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Subject: Re: A message from the Lurpak website
From: Mark Jorgensen
To: Lurpak Consumer Services

Hello you,

Thank you for your response.

I’d just like to understand – from a corporate perspective – your interpretation of the word spreadable as used on your packaging. I feel that, delicious though it is, Lurpak contravenes the very nature of the spreadable game.

However, you did touch on an interesting point. I wondered if you could elaborate further on the temperature fluctuations in which butter(or butter like ‘spread’) can be subjected to before it constitutes abuse?

Thanks in advance.

M

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Subject: Re: A message from the Lurpak website
From: Lurpak Consumer Services
To: Mark Jorgensen

Good Afternoon

Would you like to forward a contact telephone number to discuss this further.

Kind Regards

Consumer Relations Coordinator

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Subject: Re: A message from the Lurpak website
From: Mark Jorgensen
To: Lurpak Consumer Services

Hi

Sorry I am currently trying to remove a precious butter knife from some Lurpak like Excalibur. I think I may be here for most of the afternoon so email would be preferable.

Thank you.

M

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Subject: Re: A message from the Lurpak website
From: Lurpak Consumer Services
To: Mark Jorgensen

Good AfternoonGood Afternoon

Please may I ask you to confirm your fridge setting.We produce over 1 million units of Lurpak Spreadable’s a week, although this is not the first comment regarding this issue, it is however unusual.

Kind Regards

Consumer Relations Coordinator

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Subject: Re: A message from the Lurpak website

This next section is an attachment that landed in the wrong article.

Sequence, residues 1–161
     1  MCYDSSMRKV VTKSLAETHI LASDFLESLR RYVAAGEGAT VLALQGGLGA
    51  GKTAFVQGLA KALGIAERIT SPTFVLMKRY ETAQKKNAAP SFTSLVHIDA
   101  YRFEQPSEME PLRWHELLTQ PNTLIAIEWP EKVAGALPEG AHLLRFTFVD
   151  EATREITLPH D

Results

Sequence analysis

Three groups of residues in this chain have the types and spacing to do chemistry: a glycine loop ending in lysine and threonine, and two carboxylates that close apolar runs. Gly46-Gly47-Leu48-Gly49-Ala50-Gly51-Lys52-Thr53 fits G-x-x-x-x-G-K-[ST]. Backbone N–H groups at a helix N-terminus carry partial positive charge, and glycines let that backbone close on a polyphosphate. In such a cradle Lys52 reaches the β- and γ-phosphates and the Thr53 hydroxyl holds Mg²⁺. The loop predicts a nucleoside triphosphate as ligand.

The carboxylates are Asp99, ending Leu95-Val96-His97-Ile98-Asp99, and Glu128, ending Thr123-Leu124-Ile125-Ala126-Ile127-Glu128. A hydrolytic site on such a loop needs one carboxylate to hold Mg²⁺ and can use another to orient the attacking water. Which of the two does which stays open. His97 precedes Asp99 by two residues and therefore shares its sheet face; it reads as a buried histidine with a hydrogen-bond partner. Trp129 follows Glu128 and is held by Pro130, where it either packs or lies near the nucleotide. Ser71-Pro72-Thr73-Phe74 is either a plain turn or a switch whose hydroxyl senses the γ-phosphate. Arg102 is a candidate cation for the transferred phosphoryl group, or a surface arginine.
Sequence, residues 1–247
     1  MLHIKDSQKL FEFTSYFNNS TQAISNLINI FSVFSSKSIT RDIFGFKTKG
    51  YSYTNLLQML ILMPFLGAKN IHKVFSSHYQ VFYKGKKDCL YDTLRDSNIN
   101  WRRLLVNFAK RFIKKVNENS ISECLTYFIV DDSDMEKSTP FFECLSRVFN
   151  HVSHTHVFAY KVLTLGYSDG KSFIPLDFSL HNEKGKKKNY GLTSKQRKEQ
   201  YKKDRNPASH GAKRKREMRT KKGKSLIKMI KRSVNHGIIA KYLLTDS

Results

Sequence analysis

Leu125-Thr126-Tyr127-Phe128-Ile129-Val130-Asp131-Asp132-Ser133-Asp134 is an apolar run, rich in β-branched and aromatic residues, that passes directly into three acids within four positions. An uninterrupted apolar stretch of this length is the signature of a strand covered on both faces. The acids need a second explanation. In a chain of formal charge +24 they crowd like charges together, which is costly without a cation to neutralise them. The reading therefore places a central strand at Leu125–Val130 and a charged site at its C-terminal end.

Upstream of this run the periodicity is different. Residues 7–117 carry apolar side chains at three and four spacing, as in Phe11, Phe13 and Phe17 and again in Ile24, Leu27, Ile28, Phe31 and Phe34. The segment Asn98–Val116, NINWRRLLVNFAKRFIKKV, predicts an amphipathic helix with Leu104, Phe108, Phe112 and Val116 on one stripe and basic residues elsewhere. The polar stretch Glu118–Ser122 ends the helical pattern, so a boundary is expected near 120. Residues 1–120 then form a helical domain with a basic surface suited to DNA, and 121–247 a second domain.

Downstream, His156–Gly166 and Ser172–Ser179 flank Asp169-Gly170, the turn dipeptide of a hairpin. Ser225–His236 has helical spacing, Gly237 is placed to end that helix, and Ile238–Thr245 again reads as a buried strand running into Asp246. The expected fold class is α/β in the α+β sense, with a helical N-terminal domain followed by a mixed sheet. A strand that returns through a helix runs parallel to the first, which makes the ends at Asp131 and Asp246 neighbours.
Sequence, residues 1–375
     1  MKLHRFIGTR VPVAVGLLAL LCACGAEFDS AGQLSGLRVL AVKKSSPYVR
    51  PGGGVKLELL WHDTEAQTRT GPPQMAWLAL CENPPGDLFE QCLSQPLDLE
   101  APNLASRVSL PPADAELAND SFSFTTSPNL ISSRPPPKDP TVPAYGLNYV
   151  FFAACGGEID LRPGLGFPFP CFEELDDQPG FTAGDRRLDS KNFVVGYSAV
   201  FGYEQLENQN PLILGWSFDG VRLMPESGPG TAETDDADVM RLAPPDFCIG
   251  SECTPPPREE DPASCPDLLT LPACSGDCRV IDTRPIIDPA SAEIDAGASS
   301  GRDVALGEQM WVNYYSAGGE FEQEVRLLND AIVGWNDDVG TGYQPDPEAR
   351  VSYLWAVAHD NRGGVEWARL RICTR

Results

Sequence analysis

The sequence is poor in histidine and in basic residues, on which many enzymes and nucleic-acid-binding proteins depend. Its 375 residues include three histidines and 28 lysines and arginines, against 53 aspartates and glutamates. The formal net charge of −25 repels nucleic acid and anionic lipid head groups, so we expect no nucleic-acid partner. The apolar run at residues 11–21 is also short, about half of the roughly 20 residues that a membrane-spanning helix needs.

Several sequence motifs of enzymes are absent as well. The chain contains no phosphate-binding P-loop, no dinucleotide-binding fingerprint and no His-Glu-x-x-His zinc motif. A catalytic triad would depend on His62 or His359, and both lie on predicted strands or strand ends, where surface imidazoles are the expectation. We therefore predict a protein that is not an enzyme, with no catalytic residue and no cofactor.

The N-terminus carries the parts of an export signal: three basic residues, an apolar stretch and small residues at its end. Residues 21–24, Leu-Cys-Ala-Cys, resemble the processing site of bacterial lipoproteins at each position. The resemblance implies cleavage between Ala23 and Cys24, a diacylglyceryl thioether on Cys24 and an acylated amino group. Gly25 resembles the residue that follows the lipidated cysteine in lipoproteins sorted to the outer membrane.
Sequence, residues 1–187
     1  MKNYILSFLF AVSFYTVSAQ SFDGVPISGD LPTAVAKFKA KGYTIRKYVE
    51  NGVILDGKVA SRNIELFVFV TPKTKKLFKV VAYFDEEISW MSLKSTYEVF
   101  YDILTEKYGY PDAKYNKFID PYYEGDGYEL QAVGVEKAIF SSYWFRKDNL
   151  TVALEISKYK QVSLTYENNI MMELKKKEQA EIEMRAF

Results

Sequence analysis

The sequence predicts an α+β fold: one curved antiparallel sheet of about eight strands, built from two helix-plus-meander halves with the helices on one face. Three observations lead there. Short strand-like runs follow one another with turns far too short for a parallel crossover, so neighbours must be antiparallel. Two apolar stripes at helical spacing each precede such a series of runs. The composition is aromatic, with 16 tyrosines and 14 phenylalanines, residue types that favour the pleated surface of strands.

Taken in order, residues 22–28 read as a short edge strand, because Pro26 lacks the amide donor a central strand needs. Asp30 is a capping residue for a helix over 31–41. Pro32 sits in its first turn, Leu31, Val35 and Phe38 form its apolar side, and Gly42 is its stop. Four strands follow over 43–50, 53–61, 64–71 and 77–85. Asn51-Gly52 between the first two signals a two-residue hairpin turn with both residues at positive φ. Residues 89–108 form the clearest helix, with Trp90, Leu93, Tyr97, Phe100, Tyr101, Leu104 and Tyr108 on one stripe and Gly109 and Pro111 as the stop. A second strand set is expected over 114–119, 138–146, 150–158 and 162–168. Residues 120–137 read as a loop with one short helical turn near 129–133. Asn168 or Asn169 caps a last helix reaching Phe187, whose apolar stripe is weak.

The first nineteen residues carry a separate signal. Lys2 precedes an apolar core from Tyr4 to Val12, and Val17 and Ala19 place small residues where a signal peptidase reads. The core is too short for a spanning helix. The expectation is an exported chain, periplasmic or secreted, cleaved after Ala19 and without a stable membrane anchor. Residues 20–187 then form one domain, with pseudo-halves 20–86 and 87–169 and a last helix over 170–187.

From: Mark Jorgensen
To: Lurpak Consumer Services

Good afternoon,

I can confirm that my fridge setting is “on”. It’s a Siemens model if that helps. It’s like a big white rectangle with a door. Opens out.

That is an awful lot of butter. It’s also reassurance that there are people who have had the same concern. Do you use the product yourself? In which case, how do you find it’s spreadability on, say, Warbutons Toastie, room temperature?

Thanks

M

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From: ConsumerRelations@arlafoods.com
To: mark.jorgensen@hotmail.co.uk
Subject: Lurpak Enquiry

Good Afternoon

Yes I only ever use Lurpak Spreadable, I do not find the spreadablity an issue unless, I have inadvertently left the product out of refrigeration and the product has become soft.

The room temperature is irrelevant as it all depends on how warm or how cold the room is and how long the product is left out, even in a cold room the product will eventually go soft.

The product is designed to be spread straight from the fridge, if it is subjected to any abuse it can eventually become difficult to spread.

I hope this now brings the matter to an end.

Kind Regards

Consumer Relations Coordinator

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Subject: Re: A message from the Lurpak website
From: Mark Jorgensen
To: Lurpak Consumer Services

Ok thanks. I’m surprised that you don’t suffer the same problem but I guess I will have to speak to my fridge manufacturer as the temperature abuse must be at their side.

Might I suggest that you offer some form of Butter Temperature Control Workshops? It could be an added revenue stream and could help hapless butter victims such as I control the horrific levels of domestic temperature abuse they subject their butter to.

I won’t request any % of the proceedings, consider it free consultancy. Something to think about.

Thanks for your help.

M

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From: ConsumerRelations@arlafoods.com
To: mark.jorgensen@hotmail.co.uk
Subject: Lurpak Enquiry

Yes we’ll have a look in to that Mark, thank you.

Kind Regards

Consumer Relations Coordinator